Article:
"The aim of art is to embody the secret essence of things, not to copy their appearance." Aristotle
|Fig. 1. The location of the zodiacal iconographs within the painting.|
The circle is the key to unveiling the Sacred and Profane Love's subject matter, and when considered structurally and in relation to the paintings fundamental graphic programme, it is the content of the circle that will conclusively elucidate the fusion of paganism to Hermeticism, Astro Mythology to Classicism, Myth to Alchemy, and Alchemy to Cosmology.
During the early part of the sixteenth century the development of the modern star map was still in its infancy, and those celestial atlas’s which achieved popularity during the later sixteenth century were generally sourced from earlier catalogued forms of celestial cartography such as the Matheseos Libri VIII of Firmicus Maternus (A.D. 334 - 37) known to historians as the eighth and final book on judicial astrology.
Distinct from a constellation map, a celestial atlas comprises specific figures, for example the bull to represent Taurus, and the hunter to represent Orion etc., which made the observation of star groups the more recognisable.
There is a relationship between the ceiling of the Sala dei Venti in the Pallazzo del Te in Mantua (designed, built, and completed by Giulio Romano 1499-1546) and the Mathesos libri VIII of Firmicus Maternus. Professor Ernst Gombrich had recognised and subsequently promoted that fact in his 1972 publication Symbolic Images where he announced the source of Romano's zodiacal references as being the Mathesos:
"the last book of which contains a conveniently coded catalogue of these constellations and their influence on human destiny."
The most important link between the Sacred and Profane Love and the Sala dei Venti is that in the Sacred and Profane Love, Firmicus' interpretative commentary has migrated from the textual to the pictorial, and visual emphasis is placed on the specific selection of those constellations in the round that would confirm the viewpoint of the south celestial hemisphere with the southern pole aligned at the centre. This is to say that the Sacred and Profane Love leans heavily on the Mathesos as a constellation catalogue; on selection, form and then (as if to direct attention to an accurate star map) the location of these constellations where all inhabit a southern star map at the same time.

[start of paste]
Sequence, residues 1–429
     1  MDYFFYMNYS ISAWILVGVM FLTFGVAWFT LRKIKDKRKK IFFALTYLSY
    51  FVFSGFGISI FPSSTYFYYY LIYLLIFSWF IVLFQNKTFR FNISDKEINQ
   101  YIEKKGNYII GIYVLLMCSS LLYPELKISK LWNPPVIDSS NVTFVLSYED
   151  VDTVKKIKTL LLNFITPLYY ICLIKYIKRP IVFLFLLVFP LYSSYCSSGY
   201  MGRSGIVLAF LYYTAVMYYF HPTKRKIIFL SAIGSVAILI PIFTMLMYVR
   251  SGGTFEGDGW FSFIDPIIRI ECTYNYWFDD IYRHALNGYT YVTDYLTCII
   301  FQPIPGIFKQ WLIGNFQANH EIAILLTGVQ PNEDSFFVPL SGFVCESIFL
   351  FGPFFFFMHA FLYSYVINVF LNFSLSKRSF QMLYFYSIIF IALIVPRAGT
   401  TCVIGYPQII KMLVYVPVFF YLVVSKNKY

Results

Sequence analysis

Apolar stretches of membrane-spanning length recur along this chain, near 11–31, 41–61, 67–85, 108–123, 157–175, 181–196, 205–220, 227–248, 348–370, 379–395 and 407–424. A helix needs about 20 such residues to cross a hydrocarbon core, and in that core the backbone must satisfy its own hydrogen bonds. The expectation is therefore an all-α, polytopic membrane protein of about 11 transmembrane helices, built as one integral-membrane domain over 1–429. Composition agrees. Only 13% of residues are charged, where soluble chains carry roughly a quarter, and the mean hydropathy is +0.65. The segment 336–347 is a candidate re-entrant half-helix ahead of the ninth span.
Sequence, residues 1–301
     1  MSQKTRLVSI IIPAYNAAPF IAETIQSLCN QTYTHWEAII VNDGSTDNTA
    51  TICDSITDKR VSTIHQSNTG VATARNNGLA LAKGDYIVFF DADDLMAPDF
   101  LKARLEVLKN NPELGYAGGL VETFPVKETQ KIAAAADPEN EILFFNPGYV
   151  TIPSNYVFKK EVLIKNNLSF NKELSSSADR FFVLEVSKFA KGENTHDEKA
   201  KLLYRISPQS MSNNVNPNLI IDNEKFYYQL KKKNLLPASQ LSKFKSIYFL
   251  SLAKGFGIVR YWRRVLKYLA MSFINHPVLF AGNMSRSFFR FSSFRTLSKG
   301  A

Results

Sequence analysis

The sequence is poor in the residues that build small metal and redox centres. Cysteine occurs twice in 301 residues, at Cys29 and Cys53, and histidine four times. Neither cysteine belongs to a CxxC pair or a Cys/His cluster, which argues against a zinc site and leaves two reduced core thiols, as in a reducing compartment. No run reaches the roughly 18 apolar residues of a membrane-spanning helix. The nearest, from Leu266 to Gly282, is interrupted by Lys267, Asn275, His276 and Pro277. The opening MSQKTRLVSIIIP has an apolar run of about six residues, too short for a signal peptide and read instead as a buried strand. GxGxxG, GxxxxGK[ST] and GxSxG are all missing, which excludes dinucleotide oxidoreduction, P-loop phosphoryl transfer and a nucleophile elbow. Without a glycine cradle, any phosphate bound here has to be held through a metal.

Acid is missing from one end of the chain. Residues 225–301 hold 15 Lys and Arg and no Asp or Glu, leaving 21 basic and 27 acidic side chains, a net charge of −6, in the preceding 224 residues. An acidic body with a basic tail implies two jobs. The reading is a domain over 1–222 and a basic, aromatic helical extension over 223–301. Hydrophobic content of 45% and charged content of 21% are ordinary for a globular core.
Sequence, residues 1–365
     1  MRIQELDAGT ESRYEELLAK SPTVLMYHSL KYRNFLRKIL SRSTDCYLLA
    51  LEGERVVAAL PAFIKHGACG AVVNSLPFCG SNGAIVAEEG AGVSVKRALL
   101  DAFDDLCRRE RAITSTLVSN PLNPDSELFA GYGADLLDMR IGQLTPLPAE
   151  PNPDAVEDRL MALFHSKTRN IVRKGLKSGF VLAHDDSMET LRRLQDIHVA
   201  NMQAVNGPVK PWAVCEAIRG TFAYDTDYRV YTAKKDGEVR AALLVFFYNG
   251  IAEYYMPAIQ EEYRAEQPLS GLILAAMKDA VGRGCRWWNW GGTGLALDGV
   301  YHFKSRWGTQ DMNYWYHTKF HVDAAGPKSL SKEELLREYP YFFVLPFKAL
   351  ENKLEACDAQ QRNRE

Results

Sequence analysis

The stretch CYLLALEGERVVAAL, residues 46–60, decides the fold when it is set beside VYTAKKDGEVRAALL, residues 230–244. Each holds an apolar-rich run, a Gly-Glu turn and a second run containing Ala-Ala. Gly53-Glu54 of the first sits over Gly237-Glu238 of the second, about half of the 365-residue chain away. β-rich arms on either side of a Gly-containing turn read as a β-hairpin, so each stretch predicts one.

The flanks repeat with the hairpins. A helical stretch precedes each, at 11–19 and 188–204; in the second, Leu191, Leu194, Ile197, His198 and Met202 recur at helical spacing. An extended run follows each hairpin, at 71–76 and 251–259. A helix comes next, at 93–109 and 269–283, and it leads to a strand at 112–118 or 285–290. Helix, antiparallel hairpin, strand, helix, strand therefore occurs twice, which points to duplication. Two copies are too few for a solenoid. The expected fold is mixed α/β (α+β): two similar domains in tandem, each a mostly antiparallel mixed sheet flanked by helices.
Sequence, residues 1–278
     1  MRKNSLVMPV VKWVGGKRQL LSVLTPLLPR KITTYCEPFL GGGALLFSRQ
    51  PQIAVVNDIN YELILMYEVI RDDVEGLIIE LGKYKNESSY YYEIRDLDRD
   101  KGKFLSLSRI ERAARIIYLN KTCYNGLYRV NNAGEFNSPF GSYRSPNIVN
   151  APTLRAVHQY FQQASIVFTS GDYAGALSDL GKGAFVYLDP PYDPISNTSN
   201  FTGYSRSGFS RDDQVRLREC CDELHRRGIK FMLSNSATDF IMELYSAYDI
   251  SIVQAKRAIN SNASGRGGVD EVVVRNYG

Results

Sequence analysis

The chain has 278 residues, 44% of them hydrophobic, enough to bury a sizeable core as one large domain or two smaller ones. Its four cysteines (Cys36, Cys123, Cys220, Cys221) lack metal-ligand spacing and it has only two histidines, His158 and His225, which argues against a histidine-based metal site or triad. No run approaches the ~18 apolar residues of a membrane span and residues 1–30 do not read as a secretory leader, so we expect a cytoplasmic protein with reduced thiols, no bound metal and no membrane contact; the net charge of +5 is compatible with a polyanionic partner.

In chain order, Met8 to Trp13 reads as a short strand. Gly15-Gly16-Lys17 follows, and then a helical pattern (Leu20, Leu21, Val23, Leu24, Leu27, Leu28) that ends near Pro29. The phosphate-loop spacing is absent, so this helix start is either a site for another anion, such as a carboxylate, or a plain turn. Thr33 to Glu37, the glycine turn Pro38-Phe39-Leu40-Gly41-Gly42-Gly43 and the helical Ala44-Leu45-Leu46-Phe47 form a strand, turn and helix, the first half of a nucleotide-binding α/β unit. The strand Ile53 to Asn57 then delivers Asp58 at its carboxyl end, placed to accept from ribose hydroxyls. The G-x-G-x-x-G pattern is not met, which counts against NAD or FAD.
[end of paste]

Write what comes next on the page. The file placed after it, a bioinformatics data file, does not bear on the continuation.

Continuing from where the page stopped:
Again, this viewpoint can only occur in a star map of the southern constellations with the south celestial pole at centre. Only four of the zodiacal references that occur in the Sacred and Profane Love support Firmicus' literal interpretations (clearly those interpretations in their entirety were considered too cumbersome and fanciful for the Sacred and Profane Love) and the remainder of the zodiacal references appear to employ the catalogue purely as a sequential, cosmographic source.
All this is not to say that the Sacred and Profane Love entirely ignores Firmicus. That 'fallen ivy covered pillar' noted by the author and (maligned) historian Harold E. Wethey seems to have been an attempt to visually reconcile the main star of Scorpio - Ara (Altar) - with an interpretation of Firmicus. This appears to have been thought better of and deleted (over painted). Scorpio then reappears next to Sagittarius (and if this is so, it can be known that the painter is working left to right). Firmicus states that Scorpio, under a different influence is regarded as a breeder of horses, and so the constellations form has been given equine shape only to pair and emphasise the constellation of Scorpio with that of Sagittarius - imitating their cosmographical proximity to each other on the southern star map. This will be discussed in its turn.
The proportions of the rectangular canvas having been outlined, the circle; the pentacle; the circle with the zodiac and constellational references; the sarcophagus/fountain; the two women and the child; each layer would have been presented separately. Romano appears to have received the invenzione with the complete zodiacal references. In contrast, the collaborative effort of the Sacred and Profane Love has selectively chosen those zodiacal references suitable to allegoric construction rather than the visual transliteration of Firmicus as executed by Romano.
The Night and the Sacred and Profane Love are very likely one and the same painting. There was only one person that had the freedom of access to Giorgione's works after his death in 1510 - and that person was Titian, who completed several of Giorgione's works after his death. When Isabella d'Este asked her merchant to secure for her a 'Night' from the studio of Giorgione after his death, she declared it to be:
'...very singular and beautiful...'It can be known by this short statement from Isabella that the Night was at a stage of near resolution, for such a statement could not be made otherwise. Isabella d'Este was arguably the greatest female art patron of the Renaissance and certainly no fool, and from whomever her information had been gleaned, she no doubt held their judgement in high regard. On this basis Isabella sent her merchant to consider the painting and if it were as good as she believed:
"...to obtain this picture for me, settling the price and giving me notice of it." P. Bourke, p.134